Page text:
City officials don't know who triggered Dallas' outdoor warning sirens late Friday, but they do know how it was done — by broadcasting a few tones, via either radio or telephone signal.
In other words, there was no computer hack.
"It's a radio system, not a computer issue," Dallas City Manager T.C. Broadnax said Monday morning.
The city's outdoor warning sirens had to be manually shut down and turned back on late Sunday, with "immediate fixes" intended to prevent the type of hacking that woke up — and shook up — the entire city Friday night, according to Broadnax.
"As we brought the system back up, some encryption was added as part of our process to prevent this type of error from occurring going forward," he said.
But the fix could be short-term as city officials investigate replacing the system that triggers the sirens.
Dallas' emergency warning sirens, like many across the country, are radio-controlled and activated via encoded pagers that send tones to receivers attached to each siren. In Dallas' case, it appears that someone gained access to those pagers and transmitted the tones that turned on all 156 sirens across the city, Broadnax said.
Broadnax said he was "leery about [sharing] how these systems work," confirming only that "it's a tonal-type system."
A similar hack occurred in Lemont, Illinois, in 2012, when an unauthorized signal triggered the that town's radio-controlled sirens. Officials there employed a similar fix, encrypting the signal.
On Saturday city officials said they believed the hack originated locally. Broadnax said the Dallas Police Department is leading the investigation, but that the FBI and Federal Communications Commission have been brought in to assist.
"We are not sure what specifically the FCC is going to do and can do in terms of their resources in how they addresses this case," he said. "But we are working with the FBI to see if we can find the individuals who committed this crime, and as the mayor indicated, to make every effort to prosecute them to the fullest extent of the law."
FBI officials said Monday they cannot confirm or deny their involvement in the investigation. A FCC spokesperson said information, if available, will be provided later.
Broadnax confirmed that no computer hacking was involved in Friday night's incident. He said a more extensive overhaul of the outdoor warning system could be in the city's future. But it won't be inexpensive or immediate, he said. Updates will be provided to the Dallas City Council, in public and behind closed doors, in coming days.
Well, ya finally woke up the kid in a panic. pic.twitter.com/bN0WA9i84w
— Robert Wilonsky (@RobertWilonsky) April 8, 2017
For now, he said, "we have resolved access and the ability for others to do what they had done that caused the incident this weekend." Sooner than later, he added, his office will determine "whatever is the best system is out there and make recommendations to council."
Council member Jennifer Gates said Saturday that City Auditor Craig Kinton had recently suggested looking at how vulnerable the city is to outside interference. Broadnax said Monday it's possible, if not likely, the city will hire an outside consultant to review all of the city's security measures, from the Water Department to 911.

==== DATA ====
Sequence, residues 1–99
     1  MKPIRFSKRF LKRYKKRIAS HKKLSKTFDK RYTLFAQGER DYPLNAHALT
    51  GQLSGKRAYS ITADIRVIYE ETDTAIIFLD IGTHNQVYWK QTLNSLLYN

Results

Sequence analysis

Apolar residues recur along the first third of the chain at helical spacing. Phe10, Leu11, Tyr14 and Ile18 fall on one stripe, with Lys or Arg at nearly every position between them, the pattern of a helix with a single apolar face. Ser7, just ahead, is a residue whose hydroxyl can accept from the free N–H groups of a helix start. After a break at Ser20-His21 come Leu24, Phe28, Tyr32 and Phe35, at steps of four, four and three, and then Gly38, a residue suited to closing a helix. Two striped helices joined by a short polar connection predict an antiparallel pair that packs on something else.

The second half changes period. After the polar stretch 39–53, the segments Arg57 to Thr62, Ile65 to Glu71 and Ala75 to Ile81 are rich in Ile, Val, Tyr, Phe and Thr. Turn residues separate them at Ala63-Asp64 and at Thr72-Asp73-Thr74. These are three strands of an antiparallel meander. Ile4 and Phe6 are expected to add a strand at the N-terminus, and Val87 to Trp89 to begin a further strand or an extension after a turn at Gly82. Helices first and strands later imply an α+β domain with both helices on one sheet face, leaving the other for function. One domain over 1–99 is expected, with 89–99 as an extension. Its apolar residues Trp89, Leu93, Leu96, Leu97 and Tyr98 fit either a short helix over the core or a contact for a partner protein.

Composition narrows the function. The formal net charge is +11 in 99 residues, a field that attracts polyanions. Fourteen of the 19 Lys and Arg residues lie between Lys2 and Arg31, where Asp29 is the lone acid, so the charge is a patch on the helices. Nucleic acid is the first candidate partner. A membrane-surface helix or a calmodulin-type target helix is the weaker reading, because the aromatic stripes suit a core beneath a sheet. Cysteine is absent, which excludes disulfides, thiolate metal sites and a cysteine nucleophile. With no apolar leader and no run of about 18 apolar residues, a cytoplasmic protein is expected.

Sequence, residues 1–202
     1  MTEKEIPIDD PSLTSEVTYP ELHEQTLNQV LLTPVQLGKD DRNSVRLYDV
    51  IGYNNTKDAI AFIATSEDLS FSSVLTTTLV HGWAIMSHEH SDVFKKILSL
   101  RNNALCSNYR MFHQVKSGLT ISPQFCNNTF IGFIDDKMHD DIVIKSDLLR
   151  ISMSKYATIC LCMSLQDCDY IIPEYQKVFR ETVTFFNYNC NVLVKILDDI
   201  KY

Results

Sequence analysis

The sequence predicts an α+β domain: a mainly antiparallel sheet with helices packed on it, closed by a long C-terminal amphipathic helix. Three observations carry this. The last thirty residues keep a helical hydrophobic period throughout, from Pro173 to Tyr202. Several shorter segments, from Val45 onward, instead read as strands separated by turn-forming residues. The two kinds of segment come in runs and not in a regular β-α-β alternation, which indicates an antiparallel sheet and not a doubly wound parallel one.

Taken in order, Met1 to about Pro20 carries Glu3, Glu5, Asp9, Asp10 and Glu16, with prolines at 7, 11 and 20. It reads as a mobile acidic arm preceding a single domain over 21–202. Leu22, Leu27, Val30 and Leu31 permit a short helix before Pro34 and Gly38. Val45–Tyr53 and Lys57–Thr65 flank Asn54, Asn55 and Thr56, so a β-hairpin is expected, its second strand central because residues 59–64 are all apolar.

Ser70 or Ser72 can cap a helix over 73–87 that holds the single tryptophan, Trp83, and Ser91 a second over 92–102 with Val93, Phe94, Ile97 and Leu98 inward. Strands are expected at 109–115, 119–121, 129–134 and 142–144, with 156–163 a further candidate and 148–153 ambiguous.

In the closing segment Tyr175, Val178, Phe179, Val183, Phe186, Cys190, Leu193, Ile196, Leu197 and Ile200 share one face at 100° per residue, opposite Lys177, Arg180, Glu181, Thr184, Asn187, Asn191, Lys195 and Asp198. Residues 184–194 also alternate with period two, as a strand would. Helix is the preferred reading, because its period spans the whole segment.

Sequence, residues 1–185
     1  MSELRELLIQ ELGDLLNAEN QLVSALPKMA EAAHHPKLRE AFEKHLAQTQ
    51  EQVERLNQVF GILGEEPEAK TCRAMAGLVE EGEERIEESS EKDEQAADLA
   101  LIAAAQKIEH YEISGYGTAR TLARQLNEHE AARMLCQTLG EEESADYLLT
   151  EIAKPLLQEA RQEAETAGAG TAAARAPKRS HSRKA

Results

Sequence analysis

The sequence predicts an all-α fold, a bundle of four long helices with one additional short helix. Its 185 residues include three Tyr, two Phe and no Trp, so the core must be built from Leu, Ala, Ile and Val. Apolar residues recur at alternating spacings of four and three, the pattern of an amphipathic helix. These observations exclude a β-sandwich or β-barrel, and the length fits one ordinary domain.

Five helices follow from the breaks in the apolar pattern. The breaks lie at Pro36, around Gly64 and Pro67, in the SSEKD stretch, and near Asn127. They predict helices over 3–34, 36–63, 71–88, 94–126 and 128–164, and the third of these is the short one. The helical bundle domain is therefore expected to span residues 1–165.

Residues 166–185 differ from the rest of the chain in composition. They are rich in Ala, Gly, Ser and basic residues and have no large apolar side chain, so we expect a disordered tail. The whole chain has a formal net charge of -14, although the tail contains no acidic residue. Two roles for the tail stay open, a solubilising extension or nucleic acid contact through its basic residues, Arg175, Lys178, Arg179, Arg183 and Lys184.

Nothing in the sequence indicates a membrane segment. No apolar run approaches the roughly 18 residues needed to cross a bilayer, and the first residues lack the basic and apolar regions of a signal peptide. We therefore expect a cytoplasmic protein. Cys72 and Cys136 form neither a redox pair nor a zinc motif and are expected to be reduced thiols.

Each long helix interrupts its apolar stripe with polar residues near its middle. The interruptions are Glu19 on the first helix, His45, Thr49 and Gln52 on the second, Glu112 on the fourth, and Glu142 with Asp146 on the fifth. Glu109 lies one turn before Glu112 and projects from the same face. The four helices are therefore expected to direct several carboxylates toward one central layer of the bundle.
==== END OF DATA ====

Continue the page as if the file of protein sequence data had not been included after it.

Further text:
"I am looking forward to advancing a council discussion about looking at other systems," he said, "and ensuring they are not accessible to hacks or other outside malicious behavior."
Friday night's incident also alerted city officials to another problem: its inability to tell residents when they shouldn't panic. The sirens began blaring around 11:40 p.m. Friday, and it took the city more than an hour to issue a statement, which it did via social media. Initially, the city said it believed a "malfunction" triggered the sirens.
Some 4,400 calls poured into the city's already understaffed 911 call center, resulting in significant delays.
Broadnax, who began as city manager Feb. 1, said the incident made it clear the city needs "more comprehesive protocols" when dealing with these types of situations.
That includes "touching base with our own city council as they get phone calls," he said. "That was apparent. We're going to have to work on that, along with how we share with the media all forms of communication."
Federal data shows a marked uptick in crimes attempted committed against critical infrastructure, from traffic signals to, even, a small dam in upstate New York. On Monday, U.S. Rep. John Ratcliffe, the North Texan who chairs the House's Cybersecurity and Infrastructure Protection Subcommittee, said cybersecurity issues are a top priority.
"The recent hacking attack in Dallas demonstrated the disruption that can be caused by those seeking to interfere with our way of life," he said. "It's one of the reasons I held a Homeland Security hearing in North Texas to examine cyber preparedness and response at the local level, and why I'm committed to continuing this engagement going forward."